The communist theory of the press arose, along with the theory of communism itself, in the first quarter of the present century. Karl Marx was its father, drawing heavily on the ideas of his fellow German, George W. F. Hegel. The mass media in a communist society, said Marx, were to function basically to perpetuate and expand the socialist system. Transmission of social policy, not searching for the truth, was to be the main rationale for existence of a communist media system.
Mass media, under this theory, are instruments of government and integral parts of the State. They are owned and operated by the State and directed by the Communist Party or its agencies. Criticism is permitted in the media (i. e. criticism of failure to achieve goals), but criticism of basic ideology is forbidden. Communist theory, like that of authoritarianism, is based on the premise that the masses are too fickle and too ignorant and unconcerned with government to be entrusted with governmental responsibilities.
Thus, the media have no real concern with giving them much information about governmental activities or of its leaders. Mass media are to do what is best for the state and party; and what is best determined by the elite leadership of State and Party. Whatever the media do to contribute to communism and the Socialist State is moral; whatever is done to harm or hinder the growth of communism is immoral.
This concept, a product of mid-twentieth century America, is said by its proponents to have its roots in libertarian theory. But it goes beyond the libertarian theory, in that it places more emphasis on the press´s responsibility to society than on the press´s freedom. It is seen as a higher level, theoretically, than libertarianism-a kind of moral and intellectual evolutionary trip from discredited old, libertarianism to a new or perfected libertarianism where things are forced to work as they really should have worked under libertarian theory.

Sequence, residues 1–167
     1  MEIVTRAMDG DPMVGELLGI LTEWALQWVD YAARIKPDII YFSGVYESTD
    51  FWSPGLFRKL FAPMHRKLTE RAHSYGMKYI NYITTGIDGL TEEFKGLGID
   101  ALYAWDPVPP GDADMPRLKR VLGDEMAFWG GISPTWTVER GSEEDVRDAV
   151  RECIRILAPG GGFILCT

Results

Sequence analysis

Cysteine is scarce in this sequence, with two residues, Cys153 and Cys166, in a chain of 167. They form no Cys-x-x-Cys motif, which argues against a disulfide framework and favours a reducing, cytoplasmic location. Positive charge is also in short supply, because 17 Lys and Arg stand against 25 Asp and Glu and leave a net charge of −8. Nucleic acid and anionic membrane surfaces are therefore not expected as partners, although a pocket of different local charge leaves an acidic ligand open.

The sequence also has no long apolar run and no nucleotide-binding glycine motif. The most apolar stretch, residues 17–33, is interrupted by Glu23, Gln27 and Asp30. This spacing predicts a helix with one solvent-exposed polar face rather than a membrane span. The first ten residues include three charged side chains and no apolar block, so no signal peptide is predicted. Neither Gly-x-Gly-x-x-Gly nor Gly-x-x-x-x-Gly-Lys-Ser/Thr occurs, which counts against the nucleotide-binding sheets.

The explainers and defenders of this theory maintain that they are libertarians, but socially responsible libertarians, contrasted presumably with other libertarians who (if their views and actions do not agree with those of the new libertarians) are not socially responsible.
This fourth theory of the press has been drawn largely from a report published in 1947 by the Hutchins Commission. Emerging from the Commission´s publications and solidified in the literature of journalism by Four Theories of the Press, this new theory maintains that the importance of the press in modern society makes it absolutely necessary that an obligation of social responsibility be imposed on the media of mass communication.
2.Discuss the Broadcasting Policy of India in the context of the overall mass communication situation.